1359 West Taylor Street, Chicago, IL 60607 (map); 312-226-5550; davantichicago.com
Pizza Style: Thin Crust
Oven: Gas powered stone dome oven
The Skinny: Great toppings and pretty good crust make for some really good pizzas, but the rest of the menu is even better
Price: Pizzas range from $10 to $14
Twenty years ago (this very week), Scott Harris was a 30-year-old Chicago-bred chef just opening Mia Francesa in Lakeview with the help of two partners and some money they scraped together (Harris's share largely coming from what was left of his grandmother's life savings). The place was an instant success, with lines pouring out the door on a nightly basis. Fast forward to today and Mia Francesca is a small empire 24 restaurants strong that puts out solid, if unspectacular, "rustic" Italian food at very reasonable prices. The restaurants are plenty popular and there are massive expansion plans underway, but Harris is focusing his personal time on other projects.
In 2009, Harris embraced a different trend. I like to call it the open-a-shit-ton-of-niche-restaurants-and-if-people-don't-come-shut-them-down-and-open-something-else trend. In less than two years, Harris opened Dough Boys (pizza joint reviewed here), Salatino's (old school Italian), Fat Rosie's (Mexican), Nella Pizzeria Napoletana (since closed, reviewed here), Disotto Enoteca (wine bar and small plates), and two more restaurants that have since closed. He also joined forces with Jimmy Bannos to open charcuterie and small place mecca, The Purple Pig (reviewed here and here). And oh yeah, he's currently got three doughnut shops in the works. But the place that's most in line with his original vision, only a hell of a lot better, is Davanti Enoteca, a mostly small plates Italian restaurant that has lines every bit as long as the original Mia Francesca did 20 years ago.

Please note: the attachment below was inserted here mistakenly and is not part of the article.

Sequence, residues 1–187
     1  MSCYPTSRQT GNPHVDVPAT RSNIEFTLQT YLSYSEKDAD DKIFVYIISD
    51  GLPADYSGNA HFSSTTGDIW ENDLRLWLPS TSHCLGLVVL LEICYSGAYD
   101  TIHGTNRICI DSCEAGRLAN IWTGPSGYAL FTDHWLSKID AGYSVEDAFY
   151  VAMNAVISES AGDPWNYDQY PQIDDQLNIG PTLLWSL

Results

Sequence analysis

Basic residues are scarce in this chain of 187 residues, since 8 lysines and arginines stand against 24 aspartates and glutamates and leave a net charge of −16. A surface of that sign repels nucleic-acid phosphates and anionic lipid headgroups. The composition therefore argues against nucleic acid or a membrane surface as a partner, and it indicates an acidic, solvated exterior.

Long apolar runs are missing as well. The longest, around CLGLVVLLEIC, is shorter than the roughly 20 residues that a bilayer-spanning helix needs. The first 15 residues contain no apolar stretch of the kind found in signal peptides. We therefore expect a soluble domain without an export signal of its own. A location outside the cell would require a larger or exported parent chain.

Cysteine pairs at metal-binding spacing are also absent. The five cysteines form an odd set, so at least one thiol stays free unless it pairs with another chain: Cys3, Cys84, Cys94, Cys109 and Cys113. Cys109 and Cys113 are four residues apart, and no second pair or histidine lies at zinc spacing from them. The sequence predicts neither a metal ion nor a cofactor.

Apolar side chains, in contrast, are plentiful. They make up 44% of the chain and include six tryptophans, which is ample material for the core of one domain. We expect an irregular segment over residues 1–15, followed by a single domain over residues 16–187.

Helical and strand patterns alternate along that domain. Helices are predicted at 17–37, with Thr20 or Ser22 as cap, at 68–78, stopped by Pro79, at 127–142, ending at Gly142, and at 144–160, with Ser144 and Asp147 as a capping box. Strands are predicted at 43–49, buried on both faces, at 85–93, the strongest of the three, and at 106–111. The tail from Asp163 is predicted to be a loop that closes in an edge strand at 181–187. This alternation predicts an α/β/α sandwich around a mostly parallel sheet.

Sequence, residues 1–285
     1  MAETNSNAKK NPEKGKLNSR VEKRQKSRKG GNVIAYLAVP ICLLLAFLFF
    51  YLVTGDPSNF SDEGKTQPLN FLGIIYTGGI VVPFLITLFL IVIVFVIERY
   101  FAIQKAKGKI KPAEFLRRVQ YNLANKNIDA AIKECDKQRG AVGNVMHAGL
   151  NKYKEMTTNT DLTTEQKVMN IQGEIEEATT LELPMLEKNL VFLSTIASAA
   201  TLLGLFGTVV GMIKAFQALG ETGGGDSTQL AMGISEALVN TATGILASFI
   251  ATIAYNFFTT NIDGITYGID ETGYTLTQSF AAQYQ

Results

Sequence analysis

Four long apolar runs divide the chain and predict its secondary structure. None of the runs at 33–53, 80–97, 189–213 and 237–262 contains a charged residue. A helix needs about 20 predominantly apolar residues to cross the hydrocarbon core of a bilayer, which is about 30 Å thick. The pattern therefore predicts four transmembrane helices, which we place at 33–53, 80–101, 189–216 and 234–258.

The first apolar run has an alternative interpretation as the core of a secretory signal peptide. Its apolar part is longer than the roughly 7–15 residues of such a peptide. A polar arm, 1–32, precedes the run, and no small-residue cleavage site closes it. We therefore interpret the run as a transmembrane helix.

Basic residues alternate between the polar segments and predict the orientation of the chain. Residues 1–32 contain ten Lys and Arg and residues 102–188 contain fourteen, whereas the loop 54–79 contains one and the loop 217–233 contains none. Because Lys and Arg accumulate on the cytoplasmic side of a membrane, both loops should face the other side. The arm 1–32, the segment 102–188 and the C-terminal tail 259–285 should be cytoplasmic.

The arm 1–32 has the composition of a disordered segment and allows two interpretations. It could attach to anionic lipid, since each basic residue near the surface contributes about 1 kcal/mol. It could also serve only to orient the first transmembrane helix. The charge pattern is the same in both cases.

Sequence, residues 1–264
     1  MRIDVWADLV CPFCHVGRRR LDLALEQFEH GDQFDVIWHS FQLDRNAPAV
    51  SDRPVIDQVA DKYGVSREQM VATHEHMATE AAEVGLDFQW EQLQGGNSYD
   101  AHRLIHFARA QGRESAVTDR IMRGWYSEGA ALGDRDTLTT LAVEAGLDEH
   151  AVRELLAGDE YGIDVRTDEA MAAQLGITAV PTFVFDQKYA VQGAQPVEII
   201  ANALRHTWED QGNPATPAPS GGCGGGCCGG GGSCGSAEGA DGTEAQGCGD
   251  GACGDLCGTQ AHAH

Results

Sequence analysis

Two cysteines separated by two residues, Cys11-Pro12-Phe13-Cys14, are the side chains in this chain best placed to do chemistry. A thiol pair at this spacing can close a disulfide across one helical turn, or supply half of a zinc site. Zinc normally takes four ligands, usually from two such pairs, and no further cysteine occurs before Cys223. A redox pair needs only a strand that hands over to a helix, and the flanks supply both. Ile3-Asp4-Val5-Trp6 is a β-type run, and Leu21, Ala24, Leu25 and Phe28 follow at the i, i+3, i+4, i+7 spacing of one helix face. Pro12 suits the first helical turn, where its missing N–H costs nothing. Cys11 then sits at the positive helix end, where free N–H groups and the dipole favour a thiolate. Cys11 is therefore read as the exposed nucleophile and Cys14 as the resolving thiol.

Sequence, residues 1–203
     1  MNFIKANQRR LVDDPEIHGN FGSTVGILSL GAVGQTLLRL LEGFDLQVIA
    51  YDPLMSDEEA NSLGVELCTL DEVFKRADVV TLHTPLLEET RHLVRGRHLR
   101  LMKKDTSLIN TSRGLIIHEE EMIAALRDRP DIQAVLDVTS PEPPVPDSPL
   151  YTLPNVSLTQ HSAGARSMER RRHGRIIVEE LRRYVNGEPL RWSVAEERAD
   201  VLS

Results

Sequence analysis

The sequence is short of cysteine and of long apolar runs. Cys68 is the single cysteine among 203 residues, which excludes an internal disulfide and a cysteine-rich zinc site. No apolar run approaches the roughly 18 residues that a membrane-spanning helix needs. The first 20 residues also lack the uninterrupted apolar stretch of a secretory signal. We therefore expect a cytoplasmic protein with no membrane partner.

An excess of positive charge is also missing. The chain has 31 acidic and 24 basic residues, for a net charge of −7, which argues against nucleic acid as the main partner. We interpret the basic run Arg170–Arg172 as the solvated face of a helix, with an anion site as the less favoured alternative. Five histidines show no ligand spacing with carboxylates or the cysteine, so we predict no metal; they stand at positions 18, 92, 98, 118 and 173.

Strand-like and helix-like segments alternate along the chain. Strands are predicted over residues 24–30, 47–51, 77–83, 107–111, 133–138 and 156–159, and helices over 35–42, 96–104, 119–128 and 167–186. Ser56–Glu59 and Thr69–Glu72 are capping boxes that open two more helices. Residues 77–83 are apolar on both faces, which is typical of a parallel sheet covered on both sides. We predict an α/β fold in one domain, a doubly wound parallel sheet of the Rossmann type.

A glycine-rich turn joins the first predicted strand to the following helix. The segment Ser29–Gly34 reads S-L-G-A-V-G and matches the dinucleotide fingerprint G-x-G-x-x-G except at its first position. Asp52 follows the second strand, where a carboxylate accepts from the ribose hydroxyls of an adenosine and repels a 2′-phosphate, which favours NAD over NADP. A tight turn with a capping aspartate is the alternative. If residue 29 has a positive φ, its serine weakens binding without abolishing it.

The Pizza della Terra embodies earthiness. The white pie comes topped with a mess of "foraged" mushrooms along with braised leeks, taleggio cheese, and truffle oil. Everything about this pizza worked really well together. I'm generally not a fan of truffle oil because it tends to dominate, but Executive Chef Jonathan Beatty, a Purple Pig alum, understands the concept of restraint.
The quality and strength of the other toppings also helped out in keeping the truffle oil in check. I have no idea where these mushrooms are foraged from, but they were extremely flavorful. The braised leeks, which were virtually melted, added a touch of sweetness to the toppings. And the tangy tallegio, an under-utilized pizza cheese, stood up to the very flavorful toppings that would have rendered mozzarella useless.
The spicy salami pizza came with fresh mozzarella, tomato sauce, kale, garlic, and chili oil in addition to the excellent charcuterie—a combination that worked really well. The heat in the salami and the chili oil definitely gave this pizza a lip-tingling kick, but nothing too strong. The sauce, made from Carmelina San Marzano tomatoes, brightened up the pizza nicely. All together, it was a successful if fairly basic combination.
The toppings on both pizzas were truly delicious. The crust, while good, was not quite up to par. A bit more crunchy than chewy, it landed on the bland side. Part of that was surely because, in both pizzas I tried, it was topped with some fairly strong flavors. But even when I isolated the crust, I thought there was definitely room for more salt and a more developed yeast flavor.
Even with the less than stellar crust, I was a big fan of everything about Davanti Enoteca. From the interior design of the place (almost all of that wood is refurbished pieces of a 180-year-old barn) to the extremely attentive service, to the variety of rustic food, everything worked well. From a pizza perspective, the only real problem is that everything else I sampled from the menu was actually better. Not a bad problem to have at all.